AU, African Court tie continent’s growth to rights protection
In an electronic statement on the judicial dialogue organised by the AU and the African Court in Arusha, Tanzania from November 4 to 6, both organs stated that the continent would only attain its potentials under an atmosphere that protects, promotes human rights and encourages citizens’ participation in the quest for prosperity and peace.
According to the Commissioner for Political Affairs of the African Union Commission, Dr. Aisha Laraba Abdulahi, the AU’s commitment to promotion and protection of human rights is “unquestionable” owing to its position that its “powerful vision of a united, integrated, prosperous and peaceful Africa” should be driven by its own citizens “playing a dynamic role in the international arena.”
“Integral to this noble vision is the imperative on the part of AU member states to promote and protect human and peoples’ rights.”
She explained that in line with the union’s vision, “it has recently adopted the Africa Agenda 2063, which is a 50-year development path of our continent.”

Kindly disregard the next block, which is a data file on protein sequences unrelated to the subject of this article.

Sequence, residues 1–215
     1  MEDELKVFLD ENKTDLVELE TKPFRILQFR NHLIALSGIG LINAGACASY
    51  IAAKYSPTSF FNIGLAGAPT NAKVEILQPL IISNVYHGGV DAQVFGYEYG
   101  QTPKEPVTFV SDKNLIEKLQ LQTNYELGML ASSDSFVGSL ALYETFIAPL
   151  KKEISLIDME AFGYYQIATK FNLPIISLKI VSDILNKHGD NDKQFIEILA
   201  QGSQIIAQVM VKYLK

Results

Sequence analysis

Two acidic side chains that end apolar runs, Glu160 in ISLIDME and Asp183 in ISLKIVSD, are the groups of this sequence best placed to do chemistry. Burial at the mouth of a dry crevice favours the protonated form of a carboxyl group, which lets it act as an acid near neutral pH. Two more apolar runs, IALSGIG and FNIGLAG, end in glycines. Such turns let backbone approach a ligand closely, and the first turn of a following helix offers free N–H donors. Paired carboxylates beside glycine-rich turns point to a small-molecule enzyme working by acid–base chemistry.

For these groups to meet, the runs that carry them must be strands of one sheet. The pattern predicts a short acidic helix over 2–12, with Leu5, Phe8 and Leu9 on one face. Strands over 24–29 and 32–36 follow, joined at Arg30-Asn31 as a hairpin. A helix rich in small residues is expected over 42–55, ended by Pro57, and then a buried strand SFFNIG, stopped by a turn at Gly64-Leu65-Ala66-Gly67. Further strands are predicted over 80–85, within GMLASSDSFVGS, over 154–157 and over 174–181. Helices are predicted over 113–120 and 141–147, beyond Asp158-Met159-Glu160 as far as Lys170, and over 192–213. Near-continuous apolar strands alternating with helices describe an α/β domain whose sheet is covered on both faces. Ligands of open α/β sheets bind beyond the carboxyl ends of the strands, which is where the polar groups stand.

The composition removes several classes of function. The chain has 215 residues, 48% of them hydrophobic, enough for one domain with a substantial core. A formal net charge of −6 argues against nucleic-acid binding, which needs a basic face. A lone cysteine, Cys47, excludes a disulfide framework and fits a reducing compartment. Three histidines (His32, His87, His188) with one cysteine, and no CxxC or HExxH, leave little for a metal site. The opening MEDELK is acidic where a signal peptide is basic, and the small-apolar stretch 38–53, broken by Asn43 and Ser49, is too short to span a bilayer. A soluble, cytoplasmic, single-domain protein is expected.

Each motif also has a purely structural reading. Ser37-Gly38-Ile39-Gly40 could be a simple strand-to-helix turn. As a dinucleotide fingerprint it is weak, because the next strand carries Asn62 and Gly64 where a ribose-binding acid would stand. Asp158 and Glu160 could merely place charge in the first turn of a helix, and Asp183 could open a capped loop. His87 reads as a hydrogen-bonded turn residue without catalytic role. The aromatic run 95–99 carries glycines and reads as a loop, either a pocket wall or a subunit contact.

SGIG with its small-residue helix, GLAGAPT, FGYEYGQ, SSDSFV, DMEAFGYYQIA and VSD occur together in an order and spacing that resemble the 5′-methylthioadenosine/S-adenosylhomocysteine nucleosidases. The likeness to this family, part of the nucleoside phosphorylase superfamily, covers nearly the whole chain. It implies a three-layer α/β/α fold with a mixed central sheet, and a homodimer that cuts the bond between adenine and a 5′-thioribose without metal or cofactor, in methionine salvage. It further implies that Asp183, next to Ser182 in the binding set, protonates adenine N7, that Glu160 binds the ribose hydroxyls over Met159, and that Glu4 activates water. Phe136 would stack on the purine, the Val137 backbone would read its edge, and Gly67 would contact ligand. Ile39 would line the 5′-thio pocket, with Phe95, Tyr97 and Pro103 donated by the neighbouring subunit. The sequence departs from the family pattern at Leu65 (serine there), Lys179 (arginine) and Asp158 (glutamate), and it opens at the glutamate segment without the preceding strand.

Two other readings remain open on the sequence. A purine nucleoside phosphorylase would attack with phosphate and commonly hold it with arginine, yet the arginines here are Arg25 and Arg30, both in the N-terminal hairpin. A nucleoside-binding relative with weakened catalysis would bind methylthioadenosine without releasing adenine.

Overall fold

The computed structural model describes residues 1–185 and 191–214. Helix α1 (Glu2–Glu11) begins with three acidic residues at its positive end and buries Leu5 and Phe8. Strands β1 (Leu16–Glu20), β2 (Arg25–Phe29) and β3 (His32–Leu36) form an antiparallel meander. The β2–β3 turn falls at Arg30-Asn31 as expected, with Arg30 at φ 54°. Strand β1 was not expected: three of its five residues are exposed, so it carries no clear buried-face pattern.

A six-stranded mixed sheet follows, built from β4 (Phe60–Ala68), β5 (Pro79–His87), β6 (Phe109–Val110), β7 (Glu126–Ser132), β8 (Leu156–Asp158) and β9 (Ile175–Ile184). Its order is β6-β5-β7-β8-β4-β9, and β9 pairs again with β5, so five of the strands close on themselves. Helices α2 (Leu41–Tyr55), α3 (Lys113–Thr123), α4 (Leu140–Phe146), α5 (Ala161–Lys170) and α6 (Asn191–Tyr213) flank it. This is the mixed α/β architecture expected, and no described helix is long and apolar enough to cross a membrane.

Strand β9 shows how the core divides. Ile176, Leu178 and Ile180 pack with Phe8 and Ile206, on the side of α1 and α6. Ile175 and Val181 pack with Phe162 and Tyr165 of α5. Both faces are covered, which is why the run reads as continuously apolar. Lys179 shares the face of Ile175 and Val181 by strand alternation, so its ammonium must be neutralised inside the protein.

Abdulahi further explained that the said Agenda 2063 “builds upon other development blue-prints that came before, including the Lagos Plan and Act of Lagos, the Treaty on the African Economic Community (AEC) – The Abuja Treaty, the New Partnership for Africa’s Development (NEPAD), and the African Peer Review Mechanism (APRM).
She added: “One of the key enablers for successful implementation of Agenda 2063, including its first 10 year action plan (2013-2023) is the entrenchment of a culture of human rights.
“One of the eight aspirations voiced by African stakeholders consulted during the development of Agenda 2063 reflecting on the Africa They Want by the year 2063 is a democratically governed and peaceful Africa in which human rights are respected, a culture of constitutionalism and rule of law is entrenched and justice is dispensed fairly and equally without fear, prejudice and favour.